Lastly, it can be said that in India there is protection to the work of architectural, both in the Copyright Act, 1957 and Designs Act, 2000. But the same can be protected only under one Act. The architect cannot claim for protection in both the Acts. Therefore, in relation to the protection of such work in Copyright Act, registration is not a condition precedent for acquiring copyright[xiv]. But, contrary view was taken in Dhiraj Dharamdas Dewani v. Sonal Info Systems Pvt. Ltd[xv]. The court stated that “The infringer must be deemed to have knowledge about the copyright owner and such knowledge cannot be attributed unless the provisions of registration of copyright are complied with. Otherwise a person who is innocent can in that event be easily brought in the net of infringement under civil law or criminally, which can never be the intention of the legislature. Thus, if a copyright owner wants to enforce civil and criminal remedy before the special forum i.e. district court rather than a normal civil court, he must have the registration.” Therefore, there exists no superior judgement from the Supreme Court of India which can paint the mooted canvas.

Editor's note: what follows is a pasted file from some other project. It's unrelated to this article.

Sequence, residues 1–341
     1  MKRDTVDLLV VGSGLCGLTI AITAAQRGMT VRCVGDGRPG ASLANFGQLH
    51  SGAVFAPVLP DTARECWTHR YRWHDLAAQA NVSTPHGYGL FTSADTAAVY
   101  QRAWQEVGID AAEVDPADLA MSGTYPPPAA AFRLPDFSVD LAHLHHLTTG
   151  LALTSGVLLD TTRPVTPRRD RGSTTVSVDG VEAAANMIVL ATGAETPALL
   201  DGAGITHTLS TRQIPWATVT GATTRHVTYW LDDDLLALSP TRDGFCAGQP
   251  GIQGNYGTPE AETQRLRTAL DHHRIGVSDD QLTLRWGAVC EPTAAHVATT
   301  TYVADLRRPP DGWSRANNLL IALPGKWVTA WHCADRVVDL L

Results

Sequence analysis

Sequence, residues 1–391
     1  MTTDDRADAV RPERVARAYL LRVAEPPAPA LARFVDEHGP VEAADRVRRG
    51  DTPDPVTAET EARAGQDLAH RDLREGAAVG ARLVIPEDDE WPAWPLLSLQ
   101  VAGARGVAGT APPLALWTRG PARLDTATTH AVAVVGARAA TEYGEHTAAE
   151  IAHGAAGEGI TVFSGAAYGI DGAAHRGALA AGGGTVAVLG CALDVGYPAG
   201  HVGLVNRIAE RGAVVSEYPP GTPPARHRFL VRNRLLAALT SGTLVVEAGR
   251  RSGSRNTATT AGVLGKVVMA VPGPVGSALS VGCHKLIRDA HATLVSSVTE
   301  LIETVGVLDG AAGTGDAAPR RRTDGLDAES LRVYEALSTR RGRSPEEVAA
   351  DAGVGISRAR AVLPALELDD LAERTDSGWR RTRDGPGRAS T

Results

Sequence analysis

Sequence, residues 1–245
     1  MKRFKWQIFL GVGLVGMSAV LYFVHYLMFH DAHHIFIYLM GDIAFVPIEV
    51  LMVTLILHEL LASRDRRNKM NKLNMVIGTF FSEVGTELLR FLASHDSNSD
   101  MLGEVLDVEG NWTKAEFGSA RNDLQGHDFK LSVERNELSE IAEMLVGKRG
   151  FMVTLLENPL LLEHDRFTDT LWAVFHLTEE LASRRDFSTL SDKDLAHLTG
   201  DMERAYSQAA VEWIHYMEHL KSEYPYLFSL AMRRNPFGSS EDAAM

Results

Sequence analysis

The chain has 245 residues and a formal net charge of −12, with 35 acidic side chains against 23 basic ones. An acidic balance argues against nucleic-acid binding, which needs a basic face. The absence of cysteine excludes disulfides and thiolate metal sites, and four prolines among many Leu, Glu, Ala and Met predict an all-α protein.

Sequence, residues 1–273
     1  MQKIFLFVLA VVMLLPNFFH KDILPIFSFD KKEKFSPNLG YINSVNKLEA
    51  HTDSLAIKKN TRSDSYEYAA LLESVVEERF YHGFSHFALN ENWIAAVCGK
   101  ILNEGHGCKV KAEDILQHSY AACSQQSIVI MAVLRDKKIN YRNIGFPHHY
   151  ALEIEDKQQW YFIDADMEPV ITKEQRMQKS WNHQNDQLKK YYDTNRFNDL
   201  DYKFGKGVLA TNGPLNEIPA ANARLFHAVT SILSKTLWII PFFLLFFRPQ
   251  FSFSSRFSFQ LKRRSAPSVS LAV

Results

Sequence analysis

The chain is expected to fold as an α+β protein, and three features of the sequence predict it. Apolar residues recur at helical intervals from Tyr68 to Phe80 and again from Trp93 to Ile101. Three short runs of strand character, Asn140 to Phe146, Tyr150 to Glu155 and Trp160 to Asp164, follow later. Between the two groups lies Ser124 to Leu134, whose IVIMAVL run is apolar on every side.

[i] Sec 2(c) of Copyright Act, 1957

[ii] Section 2(b) of Copyright Act, 1957

[iii] Walter v. Lane [1900] AC 539 at p. 552 (CA)

[iv] Section 2(c)(i) and 13(1) of Copyright Act, 1957

[v] Section 17(a) of Copyright Act, 1957

[vi] Section 17(c) of Copyright Act, 1957

[vii] Section 17(b) of Copyright Act, 1957

[viii] Section 14(c) of Copyright Act, 1957

[ix] Section 15, This section refers to the Designs act 1911 which has been repealed since 11.5.2001 and replaced by the Designs Act 2000. Consequential to amendment to section 15 of the Copyright Act 1957 does not appear to have been made

[x] Doral v. Bayliner [1987] FSR 497 at 503 (Canada)

[xi] Amp. Inc v. Utilux [1972] RPC 103

[xii] AIR 1986 Del. 444

[xiii] (2008) 1 SCC 1

[xiv] Jayanthilal M. Munoth & Ors. v. M. Durairanjan, 2006 (33) PTC 330 (Mad)

[xv] 2012 (52) PTC 458 (Bom)